It seems people in my family don't like parting with things. So if it didn't fall victim to moving, natural disasters or war, chances are its still around. That leads to lots of junk piling up but also nice finds such as the letters by Friedrich A. Hayek to his parents from WWI and his studies in New York in 1923. Obviously these don't contain much economics but they do show a man with very keen powers of observation and dry humor. I'm currently trying to decide how to make these public. A few people have seen them and one article was published including an English translation. Have a look at the Link above for some tidbits. Seems New York is no fun if you don't have lots money as a student? I have a graph showing how he saves every dollar till he has enough for the trip home. His biggest wish after that is buying books. More contents from the letters soon.

Tuesday, October 11, 2005

A different Hayek.

Most of us are used to seeing Friedrich Hayek as a distinguished elderly scholar. But as long as I'm scanning anyway here is a picture of Hayek with his younger brother Heinz in 1903.

In Hayeks' lap

Working on an exhibition on the early years of Friedrich A. von Hayek is challenging and I never know what I'm going to come across next. I'm sifting lots of paper, phoning schools and drawing maps. The opening is Monday morning, running against the clock!

But mostly it's fun! Look what I just found: The kid in the great mans lap is me!

Sunday, October 09, 2005

Job creation or how Hayek got the "von"

Well, I said I'd start out with history, so here goes. Opponents of Reagan, Thatcher and Churchill always emphasized the "von" to give Hayek either the "nobility" and not-good-for-common-folk or the nasty "kraut" image. Actually the "von" was abolished in Austria in 1919 and Hayek only used it in his name since it was copied from his birth certificate when he applied for a British passport. The Austrian "von" that Hayek had was comparable to the British Honours system in that it was awarded for merit. The interesting thing is that Josef Hayek got the "von" in 1789 by doing exactly what Friedrich A. von Hayek advocated 150 years later. He helped to privately found and expand two textile factories in lower Austria and Moravia, thereby creating jobs and increasing the GDP as well as the tax base (this was positive from the emperor's point of view, so he honoured Hayek with the title). All this is stated in the nobility document. I'm now faced with the first difficulty in this blog: most of the material from the early years is in German and it's not easy to do a bi-lingual blog. Some of it is easy to translate and mostly I will, however this document is in 200 year old German and I'll give the translation a shot with the "thy, theyn" thing later. For now I've decided to just post the German version since it's fun for those readers who know the language. If anybody has ideas on how to solve this, I'm open to suggestions. Thanks!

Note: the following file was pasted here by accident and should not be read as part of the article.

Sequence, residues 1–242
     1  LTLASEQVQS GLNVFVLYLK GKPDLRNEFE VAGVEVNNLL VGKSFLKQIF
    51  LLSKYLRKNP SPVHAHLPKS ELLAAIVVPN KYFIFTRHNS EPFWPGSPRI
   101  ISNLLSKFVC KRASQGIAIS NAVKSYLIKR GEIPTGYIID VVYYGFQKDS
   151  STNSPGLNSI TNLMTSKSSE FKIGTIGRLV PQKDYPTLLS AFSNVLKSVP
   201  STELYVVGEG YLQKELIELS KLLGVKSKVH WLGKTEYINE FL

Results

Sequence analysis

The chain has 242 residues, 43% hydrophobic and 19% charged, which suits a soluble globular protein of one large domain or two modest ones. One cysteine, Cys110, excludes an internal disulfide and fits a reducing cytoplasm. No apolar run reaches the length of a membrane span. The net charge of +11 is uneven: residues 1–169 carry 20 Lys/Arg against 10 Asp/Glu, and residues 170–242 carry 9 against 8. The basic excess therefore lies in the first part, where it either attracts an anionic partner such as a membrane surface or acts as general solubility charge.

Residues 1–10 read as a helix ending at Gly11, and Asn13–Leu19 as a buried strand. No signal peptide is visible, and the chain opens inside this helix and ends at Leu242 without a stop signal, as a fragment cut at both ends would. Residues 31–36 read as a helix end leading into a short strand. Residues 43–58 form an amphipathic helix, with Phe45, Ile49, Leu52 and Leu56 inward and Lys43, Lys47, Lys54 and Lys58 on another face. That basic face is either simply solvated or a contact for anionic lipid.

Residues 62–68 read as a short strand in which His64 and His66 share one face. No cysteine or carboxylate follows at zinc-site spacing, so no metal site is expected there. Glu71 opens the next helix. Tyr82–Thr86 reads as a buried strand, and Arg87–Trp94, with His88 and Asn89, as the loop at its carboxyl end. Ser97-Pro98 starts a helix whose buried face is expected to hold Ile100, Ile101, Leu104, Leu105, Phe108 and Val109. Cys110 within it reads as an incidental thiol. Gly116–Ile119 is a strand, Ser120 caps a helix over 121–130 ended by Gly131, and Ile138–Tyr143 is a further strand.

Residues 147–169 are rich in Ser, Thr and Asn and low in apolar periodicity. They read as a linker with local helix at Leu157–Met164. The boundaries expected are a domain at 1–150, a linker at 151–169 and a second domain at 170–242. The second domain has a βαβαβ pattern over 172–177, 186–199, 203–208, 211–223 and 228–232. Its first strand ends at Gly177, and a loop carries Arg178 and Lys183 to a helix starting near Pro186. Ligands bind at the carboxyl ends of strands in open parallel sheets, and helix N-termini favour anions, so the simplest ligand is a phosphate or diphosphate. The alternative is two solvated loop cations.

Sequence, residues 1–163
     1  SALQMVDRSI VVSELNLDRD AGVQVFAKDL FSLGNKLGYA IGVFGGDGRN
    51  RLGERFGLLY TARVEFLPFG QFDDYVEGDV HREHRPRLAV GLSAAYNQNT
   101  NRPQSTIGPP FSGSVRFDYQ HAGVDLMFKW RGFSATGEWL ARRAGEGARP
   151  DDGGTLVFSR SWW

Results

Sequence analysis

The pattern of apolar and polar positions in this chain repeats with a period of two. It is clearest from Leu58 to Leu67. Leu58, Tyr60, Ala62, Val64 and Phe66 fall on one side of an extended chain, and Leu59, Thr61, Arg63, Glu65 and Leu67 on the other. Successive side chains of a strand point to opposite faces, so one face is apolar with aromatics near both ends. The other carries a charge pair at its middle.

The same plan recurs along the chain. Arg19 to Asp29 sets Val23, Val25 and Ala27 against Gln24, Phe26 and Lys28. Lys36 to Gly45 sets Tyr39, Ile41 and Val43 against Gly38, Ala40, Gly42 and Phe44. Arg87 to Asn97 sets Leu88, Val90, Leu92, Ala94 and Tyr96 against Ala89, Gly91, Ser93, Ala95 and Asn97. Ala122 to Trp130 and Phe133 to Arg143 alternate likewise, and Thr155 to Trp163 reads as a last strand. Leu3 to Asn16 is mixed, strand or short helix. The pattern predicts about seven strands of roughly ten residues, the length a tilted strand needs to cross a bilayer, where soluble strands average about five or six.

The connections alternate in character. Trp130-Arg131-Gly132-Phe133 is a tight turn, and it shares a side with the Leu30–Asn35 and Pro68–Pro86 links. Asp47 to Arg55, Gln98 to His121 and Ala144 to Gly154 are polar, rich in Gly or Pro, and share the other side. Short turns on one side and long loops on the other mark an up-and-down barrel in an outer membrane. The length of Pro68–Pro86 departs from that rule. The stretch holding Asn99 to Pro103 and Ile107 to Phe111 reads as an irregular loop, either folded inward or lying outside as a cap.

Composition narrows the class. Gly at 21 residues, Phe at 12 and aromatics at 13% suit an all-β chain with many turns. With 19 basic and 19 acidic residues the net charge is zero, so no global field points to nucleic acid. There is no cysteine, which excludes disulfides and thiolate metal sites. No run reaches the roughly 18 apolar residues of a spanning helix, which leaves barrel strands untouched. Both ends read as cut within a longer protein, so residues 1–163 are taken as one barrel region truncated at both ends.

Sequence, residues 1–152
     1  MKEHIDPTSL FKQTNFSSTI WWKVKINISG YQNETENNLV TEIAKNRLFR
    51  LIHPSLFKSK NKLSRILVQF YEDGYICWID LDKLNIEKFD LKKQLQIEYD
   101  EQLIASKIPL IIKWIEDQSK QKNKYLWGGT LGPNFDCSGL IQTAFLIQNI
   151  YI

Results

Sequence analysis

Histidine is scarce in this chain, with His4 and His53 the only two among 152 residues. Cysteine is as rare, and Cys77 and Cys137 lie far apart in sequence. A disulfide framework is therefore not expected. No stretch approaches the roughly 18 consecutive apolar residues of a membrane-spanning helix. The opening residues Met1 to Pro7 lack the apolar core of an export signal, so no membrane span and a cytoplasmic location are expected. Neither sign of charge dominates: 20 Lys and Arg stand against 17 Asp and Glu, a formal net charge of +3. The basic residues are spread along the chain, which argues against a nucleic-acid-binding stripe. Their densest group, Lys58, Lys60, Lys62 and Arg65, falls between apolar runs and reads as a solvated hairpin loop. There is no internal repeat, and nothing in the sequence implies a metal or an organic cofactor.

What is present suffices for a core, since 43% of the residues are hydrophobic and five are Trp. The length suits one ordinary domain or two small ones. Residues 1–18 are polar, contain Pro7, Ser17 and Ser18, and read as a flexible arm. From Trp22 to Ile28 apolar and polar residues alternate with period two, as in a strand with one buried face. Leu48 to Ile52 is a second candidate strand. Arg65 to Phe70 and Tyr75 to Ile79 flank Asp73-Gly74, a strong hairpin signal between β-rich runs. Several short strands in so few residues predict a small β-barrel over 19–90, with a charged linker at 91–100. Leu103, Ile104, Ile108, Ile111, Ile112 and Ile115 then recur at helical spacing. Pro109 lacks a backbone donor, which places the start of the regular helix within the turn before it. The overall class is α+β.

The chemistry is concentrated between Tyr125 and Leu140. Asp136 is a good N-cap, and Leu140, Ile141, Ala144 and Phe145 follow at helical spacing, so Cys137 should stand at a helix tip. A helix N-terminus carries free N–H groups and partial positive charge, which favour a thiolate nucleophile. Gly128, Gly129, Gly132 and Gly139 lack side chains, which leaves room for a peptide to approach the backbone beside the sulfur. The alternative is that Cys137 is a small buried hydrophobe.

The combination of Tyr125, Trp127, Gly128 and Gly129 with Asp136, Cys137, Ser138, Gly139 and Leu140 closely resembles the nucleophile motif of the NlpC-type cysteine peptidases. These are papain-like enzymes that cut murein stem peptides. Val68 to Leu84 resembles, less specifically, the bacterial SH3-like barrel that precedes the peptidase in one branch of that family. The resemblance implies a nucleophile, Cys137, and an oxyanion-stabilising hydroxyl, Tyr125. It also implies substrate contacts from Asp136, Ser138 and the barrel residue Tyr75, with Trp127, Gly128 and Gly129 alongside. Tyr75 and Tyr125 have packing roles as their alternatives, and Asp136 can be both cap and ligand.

"Aus dem Adelsdiplom des Josef von Hayek de dato Wien 11. August 1789

Wenn wir nun gnädigst angesehen, wahrgenommen, und betrachtet: dass unser lieber Getreuer Josef Hayek, wegen besitzenden guten Eigenschaften, und in Rücksicht der von seinem Vater und Grossvater in den preussischen Kriegen, bei dem im Markgraftum aufgestellten Jägerkorps sich für den Staat gesammelten Verdienste, im Jahre Eintausensiebenhundert fünf und siebenzig bei unserer Böhmisch-Österreichischen Hof-Kanzley, als Accessist angestellet, u. im Jahre Eintausend siebenhundert sechs und siebzig darauf wegen bezeigter thätiger Verwendung, und erprobter Fähigkeit zum Hofkonzipisten befördert worden sey, nach der Hand aber, als er von dem damaligen Obristen Kanzler, Grafen von Blümingen zu dem Wirtschaftsfach seiner Güter gezogen worden, dennoch für den höchsten Dienst, und das Beste des Staates sich dergestalten bestrebet habe, dass durch seyne Bemühungen auf den zweyen Kottonfabriken zu Kettenhof in Niederösterreich, und Lettowitz in Mähren, bey welch letzterer er wegen seiner der Fabrik nach bisher leistenden nützlicher Dienste als Mitinteressent gewählet worden, die Errichtung ansehnlicher, und wohlbemittelter Sozietäten zu Stande gekommen seyn, die Fabriken selbst ihm ihre Aufnahme, und Erweiterung zu verdanken haben, und dadurch der Nahrungs-Stand sowohl, als auch die Bevölkerung des Staates seinen Namhaften Vorteil ziehen, da dermals einige Tausend Insassen mehr als vorher dabey ihre Beschäftigung und Unterhalt finden, und wirklich zwey ansehnliche Dorfschaften bey Kettenhof in Österreich und ob der Herrschaft Lettowitz in Mähren durch die daselbst etablirten Fabriken entstanden sind, die sich von Zeit zu Zeit vergrössern, mithin dem Staate in Ansehen der Bevölkerung, Besteuerung, Rekrutierung und mehrfähigkeit und anderem Betracht zum wesentlichen Nutzen gereichen. Da Uns derselbe seiner Geschicklichkeit, Kenntnis und Verwendung in der Landwirtschaft wegen besonders angerühmt worden, auch in dem Besitz eines eigenen Vermögens bestellet ist, desgleichen in seiner Bisherigen getreuen Gesinnung bis in die Grube fortzufahren d

The roots of capitalism or why this blog?

The Austrian Hayek Institut is organizing a conference on the roots of capitalism from October 16th to 18th in Vienna, Austria. Roots of Capitalism

During this conference there will be an exhibition on the early years of Friedrich A. von Hayek in Vienna from 1899 to 1930, which I am currently organizing and which was the initial reason to start this blog. I'll be posting some of the pictures and letters that have surfaced during the research for the exhibition, on the blog soon. I am really enjoying getting to know a different Hayek than the one we know from his books and interviews, as well as learning more about the famous "Mises Kreis". Since I want to share what I am finding I've decided to start this blog.

On a really personal note: This is my first shot at a blog and its all live, so I'm hoping people will give me helpful comments on how I'm doing. Thanks!